What I’m suddenly finding a little troubling however is that it’s only since playing this track recently on the CD-77 that I’ve noticed the acoustic guitar which accompanies McVie’s piano, even though it is so obvious I’m sure I must have been hearing it on other players, through other systems.
What is even more puzzling is that after a comprehensive ’Google’ of “Songbird” recording and various other connotations, my own previous belief that Ms. McVie recorded the track in one continuous take, alone with just the piano for accompaniment, was reinforced with no mention of any other musician (Lindsey Buckingham would be favourite) whatsoever.
Now, I’m sure the FBI, CID and special ops guys have enough on their plate with WMDs and Bin Laden, but I really do need to know what happened in Berkeley on March 3rd 1976, so if anyone is able to provide enlightenment please feel free to email me; anyone who knows the whereabouts of Bin Laden should contact the relevant authorities (unless it was he playing the guitar of course, then you email me first.)
To get ‘back on message’ however, the point is that I’m confident anyone reading this, who has a decent system and a copy of Rumours will have very little difficulty hearing the guitar, but I wonder how many actually noticed it before? An analogy I’ve used previously is that you can compare a black & white photograph with a colour photograph of equal resolution, but there will be things in the colour photograph – such as a small red ball in the grass – that you didn’t notice in the monochrome version.
Of course, look again at the black & white photo and there the ball is. In audio we don’t generally have such ‘black and white’ comparisons, and with the CD-77 it’s more a case of its superior palette being better at revealing a small orange ball in a field of red grass without highlighting it unnaturally.
By now you get the picture(s), the CD-77 gets you closer to the live performance than we were led to believe digital, and certainly not 16 bits, was ever capable of.
I’ll just add that virtually all my listening was carried out with the CD-77 set to Digital Master II, which is AMR’s default and recommended mode, but there are other five modes which can be explored via the remote, on the fly so to speak. A quick cut & paste from AMR’s website and a little resizing of text later, here are the various options available:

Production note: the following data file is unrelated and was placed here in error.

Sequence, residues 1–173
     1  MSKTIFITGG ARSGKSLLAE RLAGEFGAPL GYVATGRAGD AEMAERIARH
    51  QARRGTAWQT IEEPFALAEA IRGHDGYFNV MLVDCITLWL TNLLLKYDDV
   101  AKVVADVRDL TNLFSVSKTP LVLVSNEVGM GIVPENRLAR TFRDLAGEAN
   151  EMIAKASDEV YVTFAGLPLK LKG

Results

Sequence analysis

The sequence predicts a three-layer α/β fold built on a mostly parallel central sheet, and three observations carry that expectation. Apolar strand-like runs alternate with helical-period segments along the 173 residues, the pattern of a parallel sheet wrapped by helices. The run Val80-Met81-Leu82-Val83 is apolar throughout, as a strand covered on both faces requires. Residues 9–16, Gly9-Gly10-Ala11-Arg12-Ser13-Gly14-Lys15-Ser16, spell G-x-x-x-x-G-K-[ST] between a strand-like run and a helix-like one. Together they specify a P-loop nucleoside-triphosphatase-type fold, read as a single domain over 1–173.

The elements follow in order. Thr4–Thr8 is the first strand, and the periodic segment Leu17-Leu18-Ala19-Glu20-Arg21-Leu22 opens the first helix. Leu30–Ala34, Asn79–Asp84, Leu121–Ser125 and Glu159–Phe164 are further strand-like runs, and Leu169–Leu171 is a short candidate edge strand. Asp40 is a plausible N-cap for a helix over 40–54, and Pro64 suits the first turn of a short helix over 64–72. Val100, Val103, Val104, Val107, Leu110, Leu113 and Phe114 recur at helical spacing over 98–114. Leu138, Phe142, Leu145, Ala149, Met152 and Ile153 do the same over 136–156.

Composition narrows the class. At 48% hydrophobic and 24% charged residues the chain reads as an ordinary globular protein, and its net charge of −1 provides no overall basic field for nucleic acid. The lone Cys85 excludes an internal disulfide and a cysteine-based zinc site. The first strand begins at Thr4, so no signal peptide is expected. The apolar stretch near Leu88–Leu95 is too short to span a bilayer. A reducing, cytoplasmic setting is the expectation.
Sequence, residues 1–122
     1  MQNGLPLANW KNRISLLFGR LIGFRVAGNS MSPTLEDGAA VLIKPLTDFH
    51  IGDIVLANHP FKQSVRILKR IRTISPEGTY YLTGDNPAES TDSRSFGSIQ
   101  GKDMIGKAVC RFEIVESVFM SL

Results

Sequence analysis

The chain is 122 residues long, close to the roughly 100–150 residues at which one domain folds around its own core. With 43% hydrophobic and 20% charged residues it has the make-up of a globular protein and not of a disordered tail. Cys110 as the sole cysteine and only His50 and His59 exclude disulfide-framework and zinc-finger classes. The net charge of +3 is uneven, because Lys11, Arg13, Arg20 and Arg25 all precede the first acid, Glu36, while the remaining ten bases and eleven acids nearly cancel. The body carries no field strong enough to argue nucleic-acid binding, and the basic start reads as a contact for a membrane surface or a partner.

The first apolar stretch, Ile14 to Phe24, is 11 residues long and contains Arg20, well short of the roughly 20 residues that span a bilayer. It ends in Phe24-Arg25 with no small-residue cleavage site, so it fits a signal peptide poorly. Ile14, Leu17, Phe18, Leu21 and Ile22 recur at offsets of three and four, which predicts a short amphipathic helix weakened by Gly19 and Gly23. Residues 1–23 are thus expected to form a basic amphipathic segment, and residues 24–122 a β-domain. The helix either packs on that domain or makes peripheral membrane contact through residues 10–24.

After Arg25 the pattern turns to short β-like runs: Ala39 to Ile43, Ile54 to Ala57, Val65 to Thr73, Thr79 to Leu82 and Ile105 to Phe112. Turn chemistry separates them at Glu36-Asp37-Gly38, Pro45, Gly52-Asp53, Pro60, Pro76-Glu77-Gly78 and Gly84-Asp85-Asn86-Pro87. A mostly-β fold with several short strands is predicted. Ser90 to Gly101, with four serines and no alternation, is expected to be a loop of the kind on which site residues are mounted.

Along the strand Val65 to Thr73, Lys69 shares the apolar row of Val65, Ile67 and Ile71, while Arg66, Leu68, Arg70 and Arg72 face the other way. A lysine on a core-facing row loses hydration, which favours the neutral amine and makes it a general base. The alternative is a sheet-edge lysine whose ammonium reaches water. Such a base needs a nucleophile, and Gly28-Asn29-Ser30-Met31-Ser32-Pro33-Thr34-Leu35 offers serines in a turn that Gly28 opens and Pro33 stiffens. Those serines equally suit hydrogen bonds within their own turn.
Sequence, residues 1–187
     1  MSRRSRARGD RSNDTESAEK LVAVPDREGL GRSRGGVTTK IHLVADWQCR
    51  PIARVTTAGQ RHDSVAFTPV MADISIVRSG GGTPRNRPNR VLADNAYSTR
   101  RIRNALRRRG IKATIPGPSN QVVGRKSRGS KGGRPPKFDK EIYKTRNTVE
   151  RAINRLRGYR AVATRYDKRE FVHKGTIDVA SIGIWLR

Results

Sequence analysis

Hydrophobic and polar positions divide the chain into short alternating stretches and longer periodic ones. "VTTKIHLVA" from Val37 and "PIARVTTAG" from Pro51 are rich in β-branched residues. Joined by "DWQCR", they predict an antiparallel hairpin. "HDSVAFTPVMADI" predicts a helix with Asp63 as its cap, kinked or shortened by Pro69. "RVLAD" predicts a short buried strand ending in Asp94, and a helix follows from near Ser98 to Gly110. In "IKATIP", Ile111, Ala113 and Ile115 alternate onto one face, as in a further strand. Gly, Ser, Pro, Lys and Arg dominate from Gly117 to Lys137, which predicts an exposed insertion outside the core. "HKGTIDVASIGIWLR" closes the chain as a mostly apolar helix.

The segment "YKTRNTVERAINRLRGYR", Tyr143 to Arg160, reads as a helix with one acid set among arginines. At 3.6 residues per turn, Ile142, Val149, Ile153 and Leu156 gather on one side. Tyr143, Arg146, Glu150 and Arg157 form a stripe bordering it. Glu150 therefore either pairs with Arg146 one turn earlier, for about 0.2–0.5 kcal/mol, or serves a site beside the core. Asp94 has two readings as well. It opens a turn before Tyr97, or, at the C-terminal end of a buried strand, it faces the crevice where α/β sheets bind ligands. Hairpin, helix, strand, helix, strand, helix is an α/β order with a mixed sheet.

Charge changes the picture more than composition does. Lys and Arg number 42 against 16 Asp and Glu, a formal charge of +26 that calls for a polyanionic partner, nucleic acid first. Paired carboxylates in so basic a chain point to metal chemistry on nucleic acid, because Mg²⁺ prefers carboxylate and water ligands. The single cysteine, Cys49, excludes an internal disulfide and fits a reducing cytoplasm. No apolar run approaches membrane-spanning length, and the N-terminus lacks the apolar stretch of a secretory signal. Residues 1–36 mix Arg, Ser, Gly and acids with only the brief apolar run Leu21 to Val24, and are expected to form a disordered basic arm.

“The CD-77 Compact Disk Processor offers 6 user-selectable methods of Sampling that can be ‘cycled through’ during playback by pressing the OptiSample® button (RC10) on the RC-77. The sampling options are:
1. Digital Master I – this mode directly takes the data extracted from the CD and re-clocked to generate the music signal. Due to the complete lack of digital or analogue filtering, the treble frequencies are slightly rolled off, making the sound somewhat soft and laid-back. For the same reason, the mid-range and below is very natural and realistic. The reproduction of impulses is undistorted. This mode often helps to ‘tame’ overly-bright recordings.
2. Digital Master II (default) – this mode is identical to Digital Master I but complements this with a special analogue filter which corrects the roll-off in the treble frequencies. As a result, the tonality is more accurate in the treble. We therefore recommend this mode as the benchmark with which to enjoy music.
3. Oversampling 2x – this mode engages the Digital Filter with an oversampling factor of 2, thus performing the least digital processing possible (except for no digital processing). The original data from the CD is in effect discarded and re-placed with a re-computed version. This new version of the music is mainly linearly scaled up using a whole number as scaling factor and resolution/edge enhanced. The sonic result of oversampling mirrors those of resolution enhancement in digital photographs: more apparent detail is noticeable. However, impulse reproduction is slightly distorted, leading often to a slight perception of an edginess or graininess.